Not too many people who start out as novice boaters end up owning four boats in seven years, but Larry and Svea Mason are an exception. They developed a passion for boating and spend at least five weeks each year cruising the remote Broughton Archipelago.  They started off with a 40-foot Riviera flybridge, then moved up to a 47-foot Riviera flybridge, then a Maritimo 52 Skylounge. Each was a command bridge model (no helm station in the saloon). After years of climbing up and down stairs and having split entertaining areas, they decided that they wanted a larger yacht where all the entertaining and driving was on pretty well the same level. They were impressed with the reliability and quality of their previous Martimo and when they heard that Maritimo was coming out with a sedan version of its popular 58-foot Motoryacht, they figured it might just be exactly what they were looking for. They did extensive research and visited the plant in Australia while one of the first sedans was under construction. They signed up, decided on which custom features they wanted, and during the build process they were in almost daily contact with the factory and were regularly sent progress photos.

The Company  Australia’s Maritimo was founded by Bill Barry-Cotter, who was also the founder of Riviera Yachts, which he sold before starting Maritimo in 2002. Barry-Cotter has been building boats for 40 years and is said to be Australia’s “most awarded boat builder.” Maritimo builds a number of long-range semi-custom luxury cruisers and offshore convertibles well known for their striking design and deluxe accommodations, 30-knot top speeds and tough, go-anywhere sea-keeping ability. Most models have fully enclosed flybridges with dark wraparound molded windshields and no lower helm station. The 58 sedan (S58) shares the same hull as the company’s M58 Motoryacht and has pretty well the same interior layout options.

On Deck  The teak-soled cockpit was designed to accommodate a movable teak table and folding deck chairs instead of built-in seating. This makes a lot of sense in our sometimes-rainy climate where cushions can take a long time to dry out. And, because the S58 is designed as both a cruising and fishing platform, the decks can be cleared when it’s time to catch dinner. The solid cockpit overhead means that even in a light rain, outdoor dining is an option. A second docking station to port should make it easy to back down to a dock or manoeuver when fishing. A large transom locker contains a freezer, sink and counter for a portable propane barbecue. A hydraulic swim platform that extends aft, behind the standard swim platform is an option, however, the Masons opted instead for a Freedom Lift, which has two hydraulic arms and a cradle for their 13-foot Italian-made Zar rigid-hull inflatable. (They find the Zar absolutely rock solid, even in three-foot waves.) With this setup, the dinghy is mounted far enough aft that there is plenty of room to walk around on the swim platform. The platform has a custom feature designed by the Masons: a removable P-shaped handrail that drops down into recesses in the platform. It can be positioned several ways to help with secure boarding from the dock or dinghy.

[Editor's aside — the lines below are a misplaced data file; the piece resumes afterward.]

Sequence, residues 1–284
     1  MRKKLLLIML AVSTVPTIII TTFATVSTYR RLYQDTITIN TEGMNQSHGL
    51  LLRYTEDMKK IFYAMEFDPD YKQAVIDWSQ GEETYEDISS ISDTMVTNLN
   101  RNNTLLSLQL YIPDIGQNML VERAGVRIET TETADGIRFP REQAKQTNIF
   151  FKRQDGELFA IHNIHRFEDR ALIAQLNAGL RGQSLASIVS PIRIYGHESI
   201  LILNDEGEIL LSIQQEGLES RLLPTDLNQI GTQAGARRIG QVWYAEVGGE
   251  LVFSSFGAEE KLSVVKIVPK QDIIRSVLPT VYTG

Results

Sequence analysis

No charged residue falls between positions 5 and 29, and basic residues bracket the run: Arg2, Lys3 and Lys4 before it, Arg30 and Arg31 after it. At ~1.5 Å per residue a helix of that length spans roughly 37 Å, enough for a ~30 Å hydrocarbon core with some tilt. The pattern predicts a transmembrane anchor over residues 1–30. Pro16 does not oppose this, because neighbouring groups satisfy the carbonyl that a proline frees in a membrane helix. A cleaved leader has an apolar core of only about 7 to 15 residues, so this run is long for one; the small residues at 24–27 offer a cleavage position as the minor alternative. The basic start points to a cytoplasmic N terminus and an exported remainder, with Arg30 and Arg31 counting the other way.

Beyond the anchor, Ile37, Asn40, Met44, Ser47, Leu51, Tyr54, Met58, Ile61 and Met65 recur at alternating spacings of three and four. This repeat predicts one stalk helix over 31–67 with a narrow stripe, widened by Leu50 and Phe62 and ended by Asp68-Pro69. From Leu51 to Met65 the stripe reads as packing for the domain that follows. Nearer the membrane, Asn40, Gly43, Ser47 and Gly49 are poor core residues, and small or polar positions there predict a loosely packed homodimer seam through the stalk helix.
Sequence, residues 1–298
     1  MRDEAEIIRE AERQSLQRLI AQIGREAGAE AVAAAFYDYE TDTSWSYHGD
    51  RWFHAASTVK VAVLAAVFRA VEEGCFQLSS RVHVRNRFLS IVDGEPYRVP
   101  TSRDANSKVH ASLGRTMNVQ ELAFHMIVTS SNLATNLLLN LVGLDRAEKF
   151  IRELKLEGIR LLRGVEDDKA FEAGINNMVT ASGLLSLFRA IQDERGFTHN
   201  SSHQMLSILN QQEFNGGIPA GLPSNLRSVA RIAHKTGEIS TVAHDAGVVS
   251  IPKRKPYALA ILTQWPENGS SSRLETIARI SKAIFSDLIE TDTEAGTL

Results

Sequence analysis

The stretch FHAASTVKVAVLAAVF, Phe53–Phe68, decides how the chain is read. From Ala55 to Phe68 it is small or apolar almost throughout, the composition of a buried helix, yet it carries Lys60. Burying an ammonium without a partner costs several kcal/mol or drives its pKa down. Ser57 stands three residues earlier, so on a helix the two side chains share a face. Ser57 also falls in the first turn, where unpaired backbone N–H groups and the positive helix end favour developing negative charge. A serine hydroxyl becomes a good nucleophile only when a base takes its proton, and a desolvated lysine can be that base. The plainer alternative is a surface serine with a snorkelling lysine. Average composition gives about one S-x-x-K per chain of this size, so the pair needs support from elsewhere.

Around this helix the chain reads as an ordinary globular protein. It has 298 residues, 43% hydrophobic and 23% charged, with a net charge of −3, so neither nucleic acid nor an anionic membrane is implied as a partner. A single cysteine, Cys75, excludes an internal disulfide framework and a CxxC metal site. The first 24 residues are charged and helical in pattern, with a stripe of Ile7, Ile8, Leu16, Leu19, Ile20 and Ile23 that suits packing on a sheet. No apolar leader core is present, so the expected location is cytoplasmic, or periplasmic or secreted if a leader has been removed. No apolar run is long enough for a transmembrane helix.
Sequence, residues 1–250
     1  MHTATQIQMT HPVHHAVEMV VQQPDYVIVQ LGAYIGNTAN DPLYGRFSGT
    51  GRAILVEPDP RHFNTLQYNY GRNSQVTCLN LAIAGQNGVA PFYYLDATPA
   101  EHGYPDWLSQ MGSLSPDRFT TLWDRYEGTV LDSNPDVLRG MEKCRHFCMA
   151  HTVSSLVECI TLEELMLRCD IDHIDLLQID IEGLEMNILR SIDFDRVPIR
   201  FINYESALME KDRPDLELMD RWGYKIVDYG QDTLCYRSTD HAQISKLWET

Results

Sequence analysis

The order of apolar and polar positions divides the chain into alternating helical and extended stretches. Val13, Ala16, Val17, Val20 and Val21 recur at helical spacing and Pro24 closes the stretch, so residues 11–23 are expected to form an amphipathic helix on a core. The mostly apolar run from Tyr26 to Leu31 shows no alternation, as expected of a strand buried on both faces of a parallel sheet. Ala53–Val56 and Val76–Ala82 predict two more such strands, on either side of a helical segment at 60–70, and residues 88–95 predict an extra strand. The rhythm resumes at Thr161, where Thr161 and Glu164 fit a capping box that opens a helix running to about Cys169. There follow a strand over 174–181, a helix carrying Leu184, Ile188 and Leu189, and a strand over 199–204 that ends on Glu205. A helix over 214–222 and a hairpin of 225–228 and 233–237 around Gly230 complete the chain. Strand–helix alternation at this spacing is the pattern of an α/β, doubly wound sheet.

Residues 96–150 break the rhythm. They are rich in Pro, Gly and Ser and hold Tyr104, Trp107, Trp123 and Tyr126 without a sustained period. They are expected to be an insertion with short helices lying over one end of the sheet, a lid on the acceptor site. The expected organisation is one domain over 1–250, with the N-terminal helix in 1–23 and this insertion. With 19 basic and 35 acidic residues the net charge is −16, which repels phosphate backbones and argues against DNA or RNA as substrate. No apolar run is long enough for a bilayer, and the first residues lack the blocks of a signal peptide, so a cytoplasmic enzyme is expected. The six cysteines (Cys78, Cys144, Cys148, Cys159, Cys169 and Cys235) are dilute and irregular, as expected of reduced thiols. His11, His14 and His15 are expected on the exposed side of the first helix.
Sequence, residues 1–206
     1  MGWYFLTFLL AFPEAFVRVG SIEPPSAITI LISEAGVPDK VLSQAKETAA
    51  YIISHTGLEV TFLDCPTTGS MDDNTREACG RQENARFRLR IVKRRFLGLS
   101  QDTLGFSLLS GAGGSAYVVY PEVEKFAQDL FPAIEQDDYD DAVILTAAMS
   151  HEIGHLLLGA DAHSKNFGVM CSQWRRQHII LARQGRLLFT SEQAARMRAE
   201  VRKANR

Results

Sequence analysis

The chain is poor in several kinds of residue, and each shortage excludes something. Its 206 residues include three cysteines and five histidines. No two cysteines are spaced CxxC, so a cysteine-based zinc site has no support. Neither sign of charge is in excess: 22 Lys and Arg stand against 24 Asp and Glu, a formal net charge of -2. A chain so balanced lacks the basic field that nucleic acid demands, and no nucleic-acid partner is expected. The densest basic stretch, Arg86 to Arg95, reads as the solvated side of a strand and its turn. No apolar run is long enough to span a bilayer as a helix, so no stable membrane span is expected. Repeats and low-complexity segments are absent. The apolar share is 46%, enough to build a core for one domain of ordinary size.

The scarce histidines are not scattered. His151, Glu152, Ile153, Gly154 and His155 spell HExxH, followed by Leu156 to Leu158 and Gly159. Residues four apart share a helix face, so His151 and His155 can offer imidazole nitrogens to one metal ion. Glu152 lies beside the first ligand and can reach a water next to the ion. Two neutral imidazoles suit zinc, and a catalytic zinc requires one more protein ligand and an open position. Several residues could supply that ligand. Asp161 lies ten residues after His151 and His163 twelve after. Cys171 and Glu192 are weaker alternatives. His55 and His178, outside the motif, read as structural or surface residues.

Forward of the cockpit, walkaround side decks have high bulwarks for added safety when moving fore and aft.

Saloon  The interior of the S58 features super high-gloss teak paneling, luxurious off-white carpet, real leather upholstery and grey leather accents. We found the fit and finish throughout the S58 to be excellent, with grain-matched teak throughout. Svea Mason is an interior designer and her personal touches and artwork blend beautifully with the standard fixtures.

The aft galley concept, first popularized by Bill Barry-Cotter, is now being seen more and more on new sedans, and for good reason. Positioned central to both the saloon and cockpit, large glass doors open to allow cockpit and saloon to become one great big open space. In the S58, that doorway consists of three heavy glass-panel doors that fold nicely out of the way.

The galley features an impressive full-size fridge and freezer unit and a nifty, full-height slide-out pantry tucked in to the aft corner of the galley. As noted, the Masons embark on extended cruising each summer (as well as shorter trips cruising out of their home port of Sidney) and that means storage is very important—and the S58 has plenty of it. In addition to the transom freezer and the fridge and freezer in the galley, there’s a large, deep, drawer-type refrigeration unit built into the beautiful teak cabinet unit across from the galley. It can be configured as a wine cooler, vegetable drawer, refrigerator or freezer. In an adjacent part of the cabinet is a dedicated icemaker. At the forward end of the teak cabinet unit there is an athwartship recess for a pop-up flat-screen TV. It can be rotated to suit any seating arrangement.

The L-shaped settee in the saloon has a sliding teak table top, which can be pushed in or out for easy egress, lounging or formal dining. Two portable ottomans or deck chairs provide additional seating, making it easy for six to dine in comfort.

The helm station has two high-end Stidd helm seats and a very clean layout with twin 15-inch Garmin 8200 Glass Bridge Series multifunction units—the latest and greatest from Garmin—that can be linked to pretty well any system, except perhaps your electric toothbrush.